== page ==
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Archive for 'LFHCfS (Hair Clubs)'

David Hu joins the Hair Club for Scientists (LFHCfS)

Thursday, September 24th, 2020

David Hu has joined the Luxuriant Flowing Hair Club for Scientists™ (LFHCfS). He says:

Father-daughter bonding just takes four hair bands. And here is a brief, sad conversation between 9-year-old Heidi and me about that picture:

“Mommy made my hair look like this because I look cute. Do I look cute?”
“No, you look like an old man.”

David Hu, Ph.D., LFHCfS
Ig Nobel Prize Winner (2015 Physics Prize and 2019 Physics Prize)
Professor of Mechanical Engineering and Biology
Georgia Tech
Atlanta, Georgia, USA

Alexander Levin joins Luxuriant Flowing Hair Club for Scientists (LFHCfS)

Thursday, February 6th, 2020

Alexander Levin has joined the Luxuriant Flowing Hair Club for Scientists™ (LFHCfS). Russell Moss, who nominated him, says:

Dr. Levin is a renowned researcher of grapes. He loves to water them and also not water them and write papers about it.  One thing that he is careful to water are his long curly locks. Tales of his follicular fortitude often precede him at conferences at which he is a guest speaker. When not watering vines or trying new hair tie methods, Dr. Levin can be found exploring Southern Oregon or at the odd Wu Tang concert  with his viticulture colleagues.

Alexander D. Levin, PhD, LFHCfS
Viticulturist and Assistant Professor
Department of Horticulture
Oregon State University
Southern Oregon Research and Extension Center
Central Point, Oregon, USA

Somewhat Improbable 50 Foremost Psychologists

Tuesday, December 24th, 2019

A new list of The 50 Most Influential Living Psychologists in the World includes

The most valuable thing about most “Most” lists, one could argue, is the arguments they can provoke. This particular “Most” list is the work of an organization called TBS.

Ashley Edwards joins the Luxuriant Flowing Hair Club for Scientists (LFHCfS)

Wednesday, December 18th, 2019

Ashley Edwards has joined the Luxuriant Flowing Hair Club for Scientists™ (LFHCfS). She says:

For a while, early in my career as a scientist, I watched Australian lungfish spawning. Then, for even longer, I watched blue tongued lizards having sex. Now I mostly tell undergrad students about it. All the while I have been ‘that lecturer with the really long blonde hair’. But I’ll have you know that blonde is more than just a hair colour—blonde is a State of Mind. ANYONE can be blonde!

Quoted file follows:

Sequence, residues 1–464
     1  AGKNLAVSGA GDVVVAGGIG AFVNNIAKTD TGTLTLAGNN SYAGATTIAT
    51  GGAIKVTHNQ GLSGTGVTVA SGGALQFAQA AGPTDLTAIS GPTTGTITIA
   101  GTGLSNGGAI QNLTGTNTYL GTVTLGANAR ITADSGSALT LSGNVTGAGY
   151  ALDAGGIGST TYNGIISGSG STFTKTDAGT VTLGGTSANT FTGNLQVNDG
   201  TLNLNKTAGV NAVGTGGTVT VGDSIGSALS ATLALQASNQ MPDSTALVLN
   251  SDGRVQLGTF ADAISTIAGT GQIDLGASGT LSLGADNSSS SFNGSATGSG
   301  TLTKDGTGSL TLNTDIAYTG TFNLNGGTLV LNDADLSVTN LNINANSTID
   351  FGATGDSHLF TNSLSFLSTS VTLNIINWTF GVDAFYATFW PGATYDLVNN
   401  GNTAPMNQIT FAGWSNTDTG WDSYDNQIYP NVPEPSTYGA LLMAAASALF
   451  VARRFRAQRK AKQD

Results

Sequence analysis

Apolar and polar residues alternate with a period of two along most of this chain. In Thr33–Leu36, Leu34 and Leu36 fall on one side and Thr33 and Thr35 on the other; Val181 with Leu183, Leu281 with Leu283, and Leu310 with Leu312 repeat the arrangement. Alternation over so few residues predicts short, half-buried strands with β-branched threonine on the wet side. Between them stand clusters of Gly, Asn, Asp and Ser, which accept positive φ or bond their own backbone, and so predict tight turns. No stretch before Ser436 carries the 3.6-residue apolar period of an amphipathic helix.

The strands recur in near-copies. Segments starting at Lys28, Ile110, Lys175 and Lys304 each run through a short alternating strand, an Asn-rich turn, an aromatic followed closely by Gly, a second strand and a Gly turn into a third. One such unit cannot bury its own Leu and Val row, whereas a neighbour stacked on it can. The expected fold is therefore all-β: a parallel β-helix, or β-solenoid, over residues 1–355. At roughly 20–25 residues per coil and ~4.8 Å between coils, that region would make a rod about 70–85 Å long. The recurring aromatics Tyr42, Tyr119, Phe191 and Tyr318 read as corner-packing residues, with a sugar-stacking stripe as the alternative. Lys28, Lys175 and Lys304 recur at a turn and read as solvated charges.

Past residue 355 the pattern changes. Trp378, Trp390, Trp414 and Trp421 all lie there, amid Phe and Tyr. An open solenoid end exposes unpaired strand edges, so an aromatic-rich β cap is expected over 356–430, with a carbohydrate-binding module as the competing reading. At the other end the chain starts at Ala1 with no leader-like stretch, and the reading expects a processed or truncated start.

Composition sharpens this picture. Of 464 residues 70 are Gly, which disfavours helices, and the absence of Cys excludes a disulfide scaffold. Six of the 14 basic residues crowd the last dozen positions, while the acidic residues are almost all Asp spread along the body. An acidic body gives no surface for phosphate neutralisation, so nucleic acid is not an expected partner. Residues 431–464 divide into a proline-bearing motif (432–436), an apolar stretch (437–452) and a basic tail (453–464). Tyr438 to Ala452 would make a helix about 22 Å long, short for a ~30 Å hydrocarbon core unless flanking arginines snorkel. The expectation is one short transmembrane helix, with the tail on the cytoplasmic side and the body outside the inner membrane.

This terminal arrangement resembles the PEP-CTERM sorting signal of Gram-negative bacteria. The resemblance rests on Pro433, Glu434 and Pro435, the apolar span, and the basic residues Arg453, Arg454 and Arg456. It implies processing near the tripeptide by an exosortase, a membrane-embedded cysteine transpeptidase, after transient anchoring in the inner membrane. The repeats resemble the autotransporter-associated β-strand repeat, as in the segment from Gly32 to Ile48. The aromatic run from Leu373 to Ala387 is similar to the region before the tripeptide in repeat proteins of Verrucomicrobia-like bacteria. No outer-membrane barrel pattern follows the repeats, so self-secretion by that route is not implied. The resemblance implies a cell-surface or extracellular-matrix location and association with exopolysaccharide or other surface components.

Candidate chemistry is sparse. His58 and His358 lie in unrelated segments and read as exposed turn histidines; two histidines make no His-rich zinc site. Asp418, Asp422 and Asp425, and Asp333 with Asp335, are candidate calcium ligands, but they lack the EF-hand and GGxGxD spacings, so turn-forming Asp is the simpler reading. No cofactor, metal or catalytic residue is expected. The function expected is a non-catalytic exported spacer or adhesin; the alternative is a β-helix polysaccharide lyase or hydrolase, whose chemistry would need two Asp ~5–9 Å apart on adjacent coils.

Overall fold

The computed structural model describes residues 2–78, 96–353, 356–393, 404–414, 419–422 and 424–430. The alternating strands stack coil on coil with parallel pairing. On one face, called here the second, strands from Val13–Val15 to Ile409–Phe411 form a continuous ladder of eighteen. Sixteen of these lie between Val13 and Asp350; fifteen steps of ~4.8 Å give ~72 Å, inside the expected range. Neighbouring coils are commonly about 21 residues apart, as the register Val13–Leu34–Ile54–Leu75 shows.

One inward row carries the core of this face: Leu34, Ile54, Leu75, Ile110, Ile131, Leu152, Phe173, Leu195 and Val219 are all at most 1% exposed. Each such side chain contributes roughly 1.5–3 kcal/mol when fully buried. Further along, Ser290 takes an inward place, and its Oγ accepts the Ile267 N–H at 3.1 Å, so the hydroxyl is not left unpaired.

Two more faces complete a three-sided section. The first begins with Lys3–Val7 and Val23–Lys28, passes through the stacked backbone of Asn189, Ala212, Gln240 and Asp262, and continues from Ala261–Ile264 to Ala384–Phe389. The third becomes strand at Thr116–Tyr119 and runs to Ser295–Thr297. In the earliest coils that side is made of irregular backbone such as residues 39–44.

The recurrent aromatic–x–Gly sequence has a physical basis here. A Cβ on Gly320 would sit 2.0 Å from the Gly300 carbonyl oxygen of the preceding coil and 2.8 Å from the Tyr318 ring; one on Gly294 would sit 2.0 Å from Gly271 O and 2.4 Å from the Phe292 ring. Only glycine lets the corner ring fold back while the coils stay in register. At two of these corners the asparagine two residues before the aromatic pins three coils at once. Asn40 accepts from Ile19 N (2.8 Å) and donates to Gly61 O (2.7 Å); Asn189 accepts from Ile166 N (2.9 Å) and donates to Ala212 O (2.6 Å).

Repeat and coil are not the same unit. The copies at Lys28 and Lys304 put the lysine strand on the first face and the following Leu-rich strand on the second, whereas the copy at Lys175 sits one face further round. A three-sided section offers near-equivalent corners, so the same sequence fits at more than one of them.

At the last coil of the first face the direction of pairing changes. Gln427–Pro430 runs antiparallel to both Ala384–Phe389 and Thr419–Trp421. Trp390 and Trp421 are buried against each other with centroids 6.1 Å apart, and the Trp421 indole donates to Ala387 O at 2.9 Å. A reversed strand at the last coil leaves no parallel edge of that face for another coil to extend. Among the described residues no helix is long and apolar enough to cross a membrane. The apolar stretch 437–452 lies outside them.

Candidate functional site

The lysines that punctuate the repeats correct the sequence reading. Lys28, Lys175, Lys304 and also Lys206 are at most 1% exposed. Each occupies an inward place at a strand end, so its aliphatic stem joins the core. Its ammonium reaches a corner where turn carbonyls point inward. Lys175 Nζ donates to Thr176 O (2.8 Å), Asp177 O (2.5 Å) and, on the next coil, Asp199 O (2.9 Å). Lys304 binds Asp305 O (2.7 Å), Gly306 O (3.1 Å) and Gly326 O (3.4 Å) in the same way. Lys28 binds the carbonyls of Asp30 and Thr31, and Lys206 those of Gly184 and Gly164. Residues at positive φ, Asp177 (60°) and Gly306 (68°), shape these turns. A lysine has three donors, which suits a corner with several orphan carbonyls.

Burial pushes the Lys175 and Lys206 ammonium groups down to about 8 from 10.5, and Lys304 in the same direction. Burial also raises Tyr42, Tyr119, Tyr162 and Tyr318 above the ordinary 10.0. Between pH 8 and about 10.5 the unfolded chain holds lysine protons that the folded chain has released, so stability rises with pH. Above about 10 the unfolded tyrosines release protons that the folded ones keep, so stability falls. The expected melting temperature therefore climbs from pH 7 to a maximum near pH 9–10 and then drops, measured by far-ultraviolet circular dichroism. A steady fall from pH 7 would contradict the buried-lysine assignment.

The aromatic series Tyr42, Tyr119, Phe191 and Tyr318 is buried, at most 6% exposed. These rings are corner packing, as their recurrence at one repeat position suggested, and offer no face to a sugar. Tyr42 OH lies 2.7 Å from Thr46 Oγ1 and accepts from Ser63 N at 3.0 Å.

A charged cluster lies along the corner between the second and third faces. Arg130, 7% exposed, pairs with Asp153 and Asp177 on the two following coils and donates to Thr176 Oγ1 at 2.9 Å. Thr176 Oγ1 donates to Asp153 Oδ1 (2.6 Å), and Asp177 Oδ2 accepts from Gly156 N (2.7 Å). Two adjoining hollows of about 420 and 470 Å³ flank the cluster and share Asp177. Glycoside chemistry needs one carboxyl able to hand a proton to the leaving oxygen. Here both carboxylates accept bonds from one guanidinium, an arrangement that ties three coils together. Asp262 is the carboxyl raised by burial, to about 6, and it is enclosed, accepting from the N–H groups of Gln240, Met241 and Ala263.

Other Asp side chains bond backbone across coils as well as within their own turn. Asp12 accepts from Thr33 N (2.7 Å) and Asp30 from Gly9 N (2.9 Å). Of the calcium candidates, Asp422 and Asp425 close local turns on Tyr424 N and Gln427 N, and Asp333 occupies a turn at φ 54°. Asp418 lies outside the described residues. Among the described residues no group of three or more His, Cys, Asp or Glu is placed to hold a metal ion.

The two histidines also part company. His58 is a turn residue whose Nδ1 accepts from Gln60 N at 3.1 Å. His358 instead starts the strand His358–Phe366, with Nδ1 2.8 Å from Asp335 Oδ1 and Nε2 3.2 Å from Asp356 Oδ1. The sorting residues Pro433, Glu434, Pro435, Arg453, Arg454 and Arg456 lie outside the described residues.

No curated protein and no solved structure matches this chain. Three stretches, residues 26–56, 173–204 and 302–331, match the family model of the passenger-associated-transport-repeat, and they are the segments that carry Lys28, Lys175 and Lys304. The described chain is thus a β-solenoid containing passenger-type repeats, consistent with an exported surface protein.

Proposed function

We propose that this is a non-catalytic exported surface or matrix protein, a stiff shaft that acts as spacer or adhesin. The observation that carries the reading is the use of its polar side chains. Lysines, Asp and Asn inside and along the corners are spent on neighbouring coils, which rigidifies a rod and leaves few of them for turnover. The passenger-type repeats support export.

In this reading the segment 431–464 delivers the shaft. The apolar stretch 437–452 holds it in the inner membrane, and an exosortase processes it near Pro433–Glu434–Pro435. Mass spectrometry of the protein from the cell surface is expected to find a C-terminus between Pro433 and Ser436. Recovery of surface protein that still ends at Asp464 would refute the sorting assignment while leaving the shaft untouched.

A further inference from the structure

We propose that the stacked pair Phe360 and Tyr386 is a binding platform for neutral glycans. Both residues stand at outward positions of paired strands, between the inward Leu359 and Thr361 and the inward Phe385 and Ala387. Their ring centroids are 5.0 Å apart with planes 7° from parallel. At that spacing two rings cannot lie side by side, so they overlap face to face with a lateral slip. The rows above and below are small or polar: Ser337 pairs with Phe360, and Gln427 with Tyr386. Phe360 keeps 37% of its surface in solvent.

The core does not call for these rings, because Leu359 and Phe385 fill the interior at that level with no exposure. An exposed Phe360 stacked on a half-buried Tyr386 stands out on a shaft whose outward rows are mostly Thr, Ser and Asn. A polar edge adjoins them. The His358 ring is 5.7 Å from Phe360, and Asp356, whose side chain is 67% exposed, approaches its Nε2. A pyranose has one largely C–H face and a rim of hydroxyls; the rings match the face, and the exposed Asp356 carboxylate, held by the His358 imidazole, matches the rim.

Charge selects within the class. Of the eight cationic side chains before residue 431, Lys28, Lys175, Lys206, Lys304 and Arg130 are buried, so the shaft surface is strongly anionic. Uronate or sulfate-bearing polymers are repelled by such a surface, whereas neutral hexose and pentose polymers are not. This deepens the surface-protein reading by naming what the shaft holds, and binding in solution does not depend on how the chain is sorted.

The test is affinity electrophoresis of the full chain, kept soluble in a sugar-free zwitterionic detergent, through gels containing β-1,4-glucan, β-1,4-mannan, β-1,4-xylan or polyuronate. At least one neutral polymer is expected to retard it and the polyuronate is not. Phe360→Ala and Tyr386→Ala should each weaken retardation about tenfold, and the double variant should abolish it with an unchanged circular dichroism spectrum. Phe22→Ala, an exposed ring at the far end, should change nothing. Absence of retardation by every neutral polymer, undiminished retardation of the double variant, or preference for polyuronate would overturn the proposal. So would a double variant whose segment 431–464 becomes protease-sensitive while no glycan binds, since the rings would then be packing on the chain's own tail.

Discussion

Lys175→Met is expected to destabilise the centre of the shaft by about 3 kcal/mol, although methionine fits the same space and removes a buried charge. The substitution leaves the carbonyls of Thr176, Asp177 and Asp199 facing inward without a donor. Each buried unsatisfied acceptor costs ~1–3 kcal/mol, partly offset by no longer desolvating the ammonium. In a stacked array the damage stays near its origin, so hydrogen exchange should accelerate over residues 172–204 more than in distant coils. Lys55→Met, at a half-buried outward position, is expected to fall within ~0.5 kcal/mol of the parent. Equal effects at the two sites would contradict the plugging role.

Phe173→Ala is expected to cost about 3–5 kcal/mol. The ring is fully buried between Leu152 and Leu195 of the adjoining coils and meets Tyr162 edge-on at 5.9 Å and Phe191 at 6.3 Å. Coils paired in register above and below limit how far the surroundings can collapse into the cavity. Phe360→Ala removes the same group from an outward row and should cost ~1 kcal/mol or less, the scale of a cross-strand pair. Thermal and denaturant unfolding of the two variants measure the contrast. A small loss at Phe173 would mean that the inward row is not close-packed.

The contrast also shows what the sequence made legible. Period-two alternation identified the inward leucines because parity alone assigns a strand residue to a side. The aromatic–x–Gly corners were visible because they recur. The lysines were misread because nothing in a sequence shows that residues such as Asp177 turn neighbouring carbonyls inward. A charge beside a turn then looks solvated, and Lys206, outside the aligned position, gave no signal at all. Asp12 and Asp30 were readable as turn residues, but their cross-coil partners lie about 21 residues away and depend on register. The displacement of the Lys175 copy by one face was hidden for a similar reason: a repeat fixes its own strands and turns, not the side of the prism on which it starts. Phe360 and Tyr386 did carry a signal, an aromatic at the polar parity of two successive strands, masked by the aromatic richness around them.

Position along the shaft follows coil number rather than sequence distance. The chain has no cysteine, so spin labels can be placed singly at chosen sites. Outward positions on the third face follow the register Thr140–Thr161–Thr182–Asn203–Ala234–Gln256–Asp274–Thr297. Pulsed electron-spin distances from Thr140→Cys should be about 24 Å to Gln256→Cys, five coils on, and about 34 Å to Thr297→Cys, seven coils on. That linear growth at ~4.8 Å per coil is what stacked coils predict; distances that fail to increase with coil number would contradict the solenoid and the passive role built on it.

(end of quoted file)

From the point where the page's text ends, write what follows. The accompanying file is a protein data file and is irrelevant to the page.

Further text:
Ashley Edwards, PhD., LFHCfS (and 2019 Ig Nobel physics prize winner, for studying how, and why, wombats make cube-shaped poo)
Senior lecturer
Bachelor of Science degree coordinator
Associate Head, Learning and Teaching
School of Natural Sciences
University of Tasmania
Hobart, Tasmania, Australia

Kwan-Liu Ma joins the Luxuriant Flowing Hair Club for Scientists (LFHCfS)

Saturday, November 9th, 2019

Kwan-Liu Ma has joined the Luxuriant Flowing Hair Club for Scientists™ (LFHCfS). He says:

I grew up in Taiwan, where—in the seventies—long hair was banned for students. Naturally, I started growing my hair once I moved to the US for graduate school. I have worn my hair long ever since, barring a brief short-haired period in my job hunting days in an attempt to look professional. I work on transforming data into visual representations for discovery and communication of insights. Though it lies in the field of computer science, my work involves a significant component of design and artistic expression. While I consider myself a designer by profession, people who meet me for the first time probably consider me a designer by hair. Over the years, I trust my visualizations (due to their aesthetics) have become as recognizable as my hair has at conferences. I am delighted to be a member of the LFHCfS—it is nice to be recognized for both my computer science work and my long flowing hair in the same membership.

Kwan-Liu Ma, PhD., LFHCfS
Distinguished Professor, Computer Science
University of California at Davis
Davis, California, USA

Improbable Research